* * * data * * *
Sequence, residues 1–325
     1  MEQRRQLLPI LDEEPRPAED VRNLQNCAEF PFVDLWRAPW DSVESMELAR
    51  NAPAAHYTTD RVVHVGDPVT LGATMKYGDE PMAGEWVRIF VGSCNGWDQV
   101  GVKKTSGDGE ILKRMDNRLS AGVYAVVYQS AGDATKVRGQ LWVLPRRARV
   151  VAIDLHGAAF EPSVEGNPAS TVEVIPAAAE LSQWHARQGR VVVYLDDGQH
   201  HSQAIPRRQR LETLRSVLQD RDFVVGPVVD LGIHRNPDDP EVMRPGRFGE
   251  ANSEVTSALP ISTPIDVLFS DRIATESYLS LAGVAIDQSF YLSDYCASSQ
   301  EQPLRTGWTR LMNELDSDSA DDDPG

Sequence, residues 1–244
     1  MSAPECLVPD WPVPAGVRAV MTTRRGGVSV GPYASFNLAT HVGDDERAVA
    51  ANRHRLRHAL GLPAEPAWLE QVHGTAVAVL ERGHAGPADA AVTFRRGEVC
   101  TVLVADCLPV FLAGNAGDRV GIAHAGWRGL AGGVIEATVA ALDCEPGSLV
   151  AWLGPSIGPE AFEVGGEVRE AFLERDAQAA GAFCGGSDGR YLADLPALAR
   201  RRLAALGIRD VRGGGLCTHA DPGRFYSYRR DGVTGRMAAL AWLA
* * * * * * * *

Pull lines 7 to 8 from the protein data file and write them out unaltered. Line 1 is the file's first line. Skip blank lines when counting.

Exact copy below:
   251  ANSEVTSALP ISTPIDVLFS DRIATESYLS LAGVAIDQSF YLSDYCASSQ
   301  EQPLRTGWTR LMNELDSDSA DDDPG